2010 TOUR: Adventurer Manufacturing


Truck Camper Magazine visits Adventurer Manufacturing’s factory in Yakima, Washington.  After forty-one years, it’s time to meet the new Adventurer.

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Most of the manufacturers we’ve visited so far on our 2010 industry tour have made changes to their facilities, teams, or manufacturing processes since we last saw them three years ago.  Some companies have even made changes in all three categories.  That said, no manufacturer has made more changes all three categories than Adventurer Manufacturing.

The changes actually began in the Spring of 2008 when Adventurer announced it would be moving from Abbotsford, British Columbia to Yakima, Washington.  The previous Fall we had visited Adventurer in Abbotsford and, like many in the truck camping industry and community, we could not have been more surprised by the announcement.

Two years after their move to Yakima, we pulled into the new Adventurer plant in our 2010 Adventurer 90FWS.  We were excited to see Adventurer’s new facility, meet their new management and production teams, and learn about any new manufacturing processes.  It was time to meet the new Adventurer.

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LEFT: Adventurer’s offices, lamination, and production lines are located under one roof in a building previously set up for camper production by Western RV.  Having the building already set up for camper production allowed Adventurer to get their new production line up to speed quickly.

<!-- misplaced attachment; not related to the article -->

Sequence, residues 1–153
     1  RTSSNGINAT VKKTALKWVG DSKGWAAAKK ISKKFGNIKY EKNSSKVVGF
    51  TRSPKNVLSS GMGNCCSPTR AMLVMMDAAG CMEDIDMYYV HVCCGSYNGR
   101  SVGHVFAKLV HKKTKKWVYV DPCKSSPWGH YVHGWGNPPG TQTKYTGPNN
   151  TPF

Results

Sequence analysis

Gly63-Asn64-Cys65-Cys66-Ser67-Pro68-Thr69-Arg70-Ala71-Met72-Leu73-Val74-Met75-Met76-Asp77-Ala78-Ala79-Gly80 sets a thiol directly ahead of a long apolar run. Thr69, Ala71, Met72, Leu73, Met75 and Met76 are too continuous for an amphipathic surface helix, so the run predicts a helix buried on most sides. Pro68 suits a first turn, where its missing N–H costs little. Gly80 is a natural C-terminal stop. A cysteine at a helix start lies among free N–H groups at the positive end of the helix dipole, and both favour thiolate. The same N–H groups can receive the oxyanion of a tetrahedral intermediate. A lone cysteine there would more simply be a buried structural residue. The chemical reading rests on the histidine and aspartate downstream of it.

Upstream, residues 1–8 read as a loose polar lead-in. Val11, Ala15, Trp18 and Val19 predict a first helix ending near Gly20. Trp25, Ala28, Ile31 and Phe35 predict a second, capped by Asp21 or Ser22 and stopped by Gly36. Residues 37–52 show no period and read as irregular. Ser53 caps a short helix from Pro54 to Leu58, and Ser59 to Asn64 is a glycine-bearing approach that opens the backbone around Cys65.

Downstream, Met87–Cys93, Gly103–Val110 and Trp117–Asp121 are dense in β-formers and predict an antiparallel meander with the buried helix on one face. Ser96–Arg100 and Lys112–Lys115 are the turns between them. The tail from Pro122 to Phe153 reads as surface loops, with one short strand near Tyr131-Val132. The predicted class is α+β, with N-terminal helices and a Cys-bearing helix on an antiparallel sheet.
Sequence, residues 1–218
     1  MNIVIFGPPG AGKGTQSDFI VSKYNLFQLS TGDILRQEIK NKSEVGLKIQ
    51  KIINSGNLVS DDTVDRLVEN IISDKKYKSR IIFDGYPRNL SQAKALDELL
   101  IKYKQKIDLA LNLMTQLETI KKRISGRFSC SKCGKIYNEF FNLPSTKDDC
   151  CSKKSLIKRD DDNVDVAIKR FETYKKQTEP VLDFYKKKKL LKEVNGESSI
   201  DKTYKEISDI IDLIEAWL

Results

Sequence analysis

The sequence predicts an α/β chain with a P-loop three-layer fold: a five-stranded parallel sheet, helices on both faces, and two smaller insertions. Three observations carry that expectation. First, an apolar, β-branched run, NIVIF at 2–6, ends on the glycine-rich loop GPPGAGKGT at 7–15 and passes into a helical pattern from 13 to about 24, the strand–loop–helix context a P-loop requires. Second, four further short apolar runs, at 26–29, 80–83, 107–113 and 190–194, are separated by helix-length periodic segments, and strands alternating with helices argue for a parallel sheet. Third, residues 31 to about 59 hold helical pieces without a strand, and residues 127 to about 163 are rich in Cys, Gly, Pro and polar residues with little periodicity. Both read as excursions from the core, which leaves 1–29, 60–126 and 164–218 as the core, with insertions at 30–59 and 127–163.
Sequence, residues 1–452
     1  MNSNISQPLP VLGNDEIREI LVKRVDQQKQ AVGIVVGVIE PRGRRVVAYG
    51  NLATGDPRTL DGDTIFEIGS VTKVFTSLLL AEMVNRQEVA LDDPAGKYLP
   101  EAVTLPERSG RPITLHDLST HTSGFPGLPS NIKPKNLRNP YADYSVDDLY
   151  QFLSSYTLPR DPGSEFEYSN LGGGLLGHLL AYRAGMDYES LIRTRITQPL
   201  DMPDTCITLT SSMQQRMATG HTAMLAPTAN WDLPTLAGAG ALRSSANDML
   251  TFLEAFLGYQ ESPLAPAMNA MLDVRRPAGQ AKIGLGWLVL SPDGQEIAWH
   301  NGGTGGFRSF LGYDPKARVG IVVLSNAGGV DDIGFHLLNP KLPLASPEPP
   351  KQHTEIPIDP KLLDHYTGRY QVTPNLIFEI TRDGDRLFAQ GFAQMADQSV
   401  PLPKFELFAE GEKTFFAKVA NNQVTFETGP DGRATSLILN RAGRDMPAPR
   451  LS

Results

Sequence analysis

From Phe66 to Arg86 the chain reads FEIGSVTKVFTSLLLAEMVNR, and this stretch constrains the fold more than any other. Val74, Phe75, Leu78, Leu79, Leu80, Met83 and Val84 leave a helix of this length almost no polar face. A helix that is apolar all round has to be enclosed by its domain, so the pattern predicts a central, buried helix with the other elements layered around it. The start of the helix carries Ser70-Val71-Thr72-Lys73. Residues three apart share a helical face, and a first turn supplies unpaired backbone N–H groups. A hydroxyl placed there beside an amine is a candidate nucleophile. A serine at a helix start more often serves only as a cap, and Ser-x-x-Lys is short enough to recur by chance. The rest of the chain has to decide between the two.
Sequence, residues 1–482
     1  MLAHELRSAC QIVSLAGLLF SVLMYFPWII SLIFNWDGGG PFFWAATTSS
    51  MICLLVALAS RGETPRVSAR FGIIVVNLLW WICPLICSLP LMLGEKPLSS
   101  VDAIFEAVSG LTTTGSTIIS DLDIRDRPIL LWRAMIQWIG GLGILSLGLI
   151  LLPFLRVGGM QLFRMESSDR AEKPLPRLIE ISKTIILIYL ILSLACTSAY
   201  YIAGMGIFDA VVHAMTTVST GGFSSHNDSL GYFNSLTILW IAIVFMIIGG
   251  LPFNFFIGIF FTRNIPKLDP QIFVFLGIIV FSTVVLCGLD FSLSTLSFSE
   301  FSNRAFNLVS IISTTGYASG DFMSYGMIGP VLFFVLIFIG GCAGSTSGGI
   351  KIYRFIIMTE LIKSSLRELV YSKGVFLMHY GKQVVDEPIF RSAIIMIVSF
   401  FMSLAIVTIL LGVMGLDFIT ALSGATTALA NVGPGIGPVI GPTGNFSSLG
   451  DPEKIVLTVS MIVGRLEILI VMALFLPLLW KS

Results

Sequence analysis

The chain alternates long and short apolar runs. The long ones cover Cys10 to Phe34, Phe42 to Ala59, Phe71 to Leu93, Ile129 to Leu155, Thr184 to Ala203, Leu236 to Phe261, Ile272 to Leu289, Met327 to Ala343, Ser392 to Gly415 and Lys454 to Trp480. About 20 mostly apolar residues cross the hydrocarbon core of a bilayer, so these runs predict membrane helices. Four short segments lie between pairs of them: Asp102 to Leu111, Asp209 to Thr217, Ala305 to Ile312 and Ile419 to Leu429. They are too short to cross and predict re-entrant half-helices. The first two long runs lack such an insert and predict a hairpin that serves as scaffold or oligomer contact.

CENTER: Adventurer’s camper production line runs straight back and through the building.  Here you see 2010 Adventurer 950B campers emerging from the production line and waiting for a final quality control inspection.

RIGHT: About two dozen completed campers were waiting for delivery in front of Adventurer’s building.  Most of this inventory is already sold to Adventurer dealers throughout the United States and Canada.

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We interviewed Dave Frampton, Product Development Manager, and Dave Catron, Engineer, when Adventurer debuted the 80SK back in February.  During our visit in July, Dave and Dave were working on a new camper design.  Naturally we asked if we could see what they were up to and take a few photographs. 

LEFT: Pictured here is Dave Frampton’s AutoDesk design station with the new camper on his monitor.  Burk Morgan, Adventurer’s Director of Sales and Marketing, told us that we should be able to announce the new camper sometime in September.  Until then, it’s a secret.

CENTER: Dave Catron showed us how he models camper systems in three dimensions using AutoDesk Inventor.  Here he’s showing us a tank system for an Adventurer truck camper.  Dave explained that three-dimensional computer models allowed him to see how the system would work and improve the design before building a prototype.

RIGHT: Then Mr. Catron showed us this model and explained that it was a, “knife valve” for a camper tank system.  Of course anyone could see that this is clearly Darth Vader’s Tie-Fighter from Star Wars.  Nice try Dave.  May the farce be with you.

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LEFT: There are quite a few Adventurer team members who came over from Western RV when it closed in the Spring of 2008.  One of the team members from Western RV who made the move is Marvin Kern.  And just as he did at Western RV, Marvin works the CNC aluminum and wood saw at Adventurer. 

CENTER AND RIGHT: Adventurer always builds campers in runs of ten.  For example, they will build ten Adventurer 950B’s and then ten Adventurer 80W’s.  When we were at Adventurer, they were completing a run of ten 950B’s and starting a run of ten 80W’s.  As those two models were on the production line, the welding team was preparing ten aluminum frames for a run of ten 90FWS campers.